How to Register to Vote

Voting registration applications can be submitted by all United States citizens who are 18 years of age or older and meet the voting eligibility requirements. However, only 70 percent of Americans who are eligible to register to vote are, in fact, registered.

By obtaining a voter registration card, citizens are able to help choose leaders and government officials who will make important decisions that will impact the entire country. You may register to vote in order to help decide who will run the government on a local and national level. Voters can also help pass local referendums or initiatives, such as tax plans or education reforms.

To obtain a voter registration card in your state, you must meet certain requirements and fill out a voter registration form before the deadline in your state of residence. U.S. citizens can apply to register to vote online, by mail or in person, depending on their state’s guidelines. Voters applying for voting registration overseas can obtain information by contacting the Federal Voting Assistance Program (FVAP). Citizens can also register to vote in other languages by using the National Mail Voter Registration Form, which is available in Bengali, Chinese, Hindi, Japanese, Khmer, Korean, Spanish, Tagalog and Vietnamese. Learn how to register to vote by following these simple steps:

  • Look up voting registration deadlines.
  • Check voting eligibility requirements.
  • Apply for a voting registration card.
  • Take note of voting ID requirements.
  • Check or update your voter registration.
  • Check your voting registration status.

Look Up Voting Registration Deadlines

When applying for a voter registration card, check the voter registration deadlines in your state. Each state has its own set of voting registration deadlines. In certain states, citizens are not allowed to register to vote past the deadline, which is generally up to 30 days before Election Day. However, some states allow you to apply for a voting registration in person at the county office anytime.

Check Voting Eligibility Requirements

Citizens who register to vote must meet certain eligibility requirements. To be eligible to apply for a voting registration in the United States, you must:

  • Be a U.S. citizen.
  • Be at least 18 years old by Election Day.
  • Be living in the state for a certain period of time (some states require citizens to have lived in the state for at least 30 days prior to voting in the election).
  • Meet your state’s criminal record requirements (some states do not allow ex-felons to vote unless a certain period of time has passed).

Note: All U.S. states require citizens to have voter registrations, except for North Dakota. Some states also require citizens to provide proof of identity in the form of an identification document. 

Apply for a Voter Registration Card

U.S. citizens can register to vote using one of the following methods:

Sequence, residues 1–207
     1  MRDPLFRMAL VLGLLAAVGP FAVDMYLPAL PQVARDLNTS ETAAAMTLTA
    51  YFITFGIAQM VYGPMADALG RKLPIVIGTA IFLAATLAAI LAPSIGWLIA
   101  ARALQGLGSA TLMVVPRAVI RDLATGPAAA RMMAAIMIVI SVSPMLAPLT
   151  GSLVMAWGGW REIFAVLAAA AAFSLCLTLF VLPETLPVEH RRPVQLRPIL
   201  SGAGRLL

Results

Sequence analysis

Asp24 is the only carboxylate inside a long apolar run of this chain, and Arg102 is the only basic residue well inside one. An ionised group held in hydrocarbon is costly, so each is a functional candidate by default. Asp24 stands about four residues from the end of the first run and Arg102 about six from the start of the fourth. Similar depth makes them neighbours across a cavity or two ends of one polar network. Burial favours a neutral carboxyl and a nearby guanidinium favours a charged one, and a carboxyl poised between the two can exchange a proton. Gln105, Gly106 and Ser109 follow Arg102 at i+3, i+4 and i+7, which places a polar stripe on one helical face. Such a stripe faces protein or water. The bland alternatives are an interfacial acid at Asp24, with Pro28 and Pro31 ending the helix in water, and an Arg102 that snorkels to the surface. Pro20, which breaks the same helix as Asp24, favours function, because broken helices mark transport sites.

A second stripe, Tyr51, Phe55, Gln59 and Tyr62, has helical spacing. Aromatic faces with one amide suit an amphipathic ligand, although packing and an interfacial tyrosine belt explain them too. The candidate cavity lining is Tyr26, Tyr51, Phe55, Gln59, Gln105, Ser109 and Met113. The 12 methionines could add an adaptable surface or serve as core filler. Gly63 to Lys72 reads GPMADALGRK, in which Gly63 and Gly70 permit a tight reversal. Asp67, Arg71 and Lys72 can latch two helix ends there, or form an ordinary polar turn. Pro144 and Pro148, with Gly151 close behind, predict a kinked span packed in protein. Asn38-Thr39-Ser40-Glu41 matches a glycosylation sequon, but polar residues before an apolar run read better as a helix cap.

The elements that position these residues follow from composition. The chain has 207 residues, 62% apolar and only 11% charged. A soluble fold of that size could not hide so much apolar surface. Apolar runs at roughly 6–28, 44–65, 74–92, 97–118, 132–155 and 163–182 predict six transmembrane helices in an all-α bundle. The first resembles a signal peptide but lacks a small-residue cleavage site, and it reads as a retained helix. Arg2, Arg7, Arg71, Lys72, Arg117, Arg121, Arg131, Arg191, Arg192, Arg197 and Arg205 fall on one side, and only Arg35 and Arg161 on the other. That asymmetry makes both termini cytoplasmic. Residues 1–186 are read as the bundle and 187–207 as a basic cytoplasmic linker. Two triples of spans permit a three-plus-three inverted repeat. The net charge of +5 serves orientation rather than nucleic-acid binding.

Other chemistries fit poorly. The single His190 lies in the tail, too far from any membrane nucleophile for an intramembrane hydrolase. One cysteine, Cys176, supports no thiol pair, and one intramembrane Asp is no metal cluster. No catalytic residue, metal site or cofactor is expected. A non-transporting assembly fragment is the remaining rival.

• Online
  • By mail
  • In person

As of June 2016, 31 states, including California, New York, Pennsylvania and Virginia, allow residents to register to vote online. Online voter registration is the most convenient option for residents looking to receive a voter registration card. To apply for online voter registration, visit your state’s official voting website. Citizens from any state can apply for voting registration online, regardless of whether their state provides online voter registration, by using a third-party provider.

To register to vote by mail, fill out the National Mail Voter Registration form and mail it to the specific location listed for your state. The application must include your full name, home address, mailing address, phone number, date of birth, identification number (from your ID card, driver’s license or Social Security Number), choice of party (if required in your state), ethnicity or race and your signature.

Voters in the U.S. can register to vote in person by submitting a voter application form to their local election offices. However, many states that do not have such offices receive voter registration forms at their departments of motor vehicles, county and state public assistance offices or armed services recruitment centers. Some states, such as Wyoming and New Hampshire, require residents to register to vote in person.

Take Note of Voting ID Requirements

Depending on which state you register to vote in, you may be required to bring an approved proof of identification with you on voting day. Depending on the state, you may need to provide a photo or anon-photo ID. Some states, such as Pennsylvania, Oregon and Illinois, allow voters to vote without showing an identification document. Acceptable forms of photo ID include state ID cards, passports, driver’s licenses and military ID cards. If you do not have any of these documents, your state may be able to issue you a voter photo ID card.

Check or Update Your Voter Registration

Check your voting registration information before Election Day, and update any personal details that may have changed in the meantime. If the information on your application is not entirely up to date, you may not be allowed to vote. Updates may include changes in your name due to marriage, divorce or a court order. Other updates include changes of address for residents who have recently moved and changes in political party affiliations.

Check Your Voting Registration Status

Check the status of your voting registration in order to find out whether you need to register to vote again. If you do not have a voter registration card, you can choose a different method to ensure that your profile information is up to date and that your registration is active. Citizens who have submitted a voter registration form will receive a voter ID card by mail. If you do not receive your card in the mail, contact your state election office immediately. Citizens who submitted an online voter registration form can check their voting status online.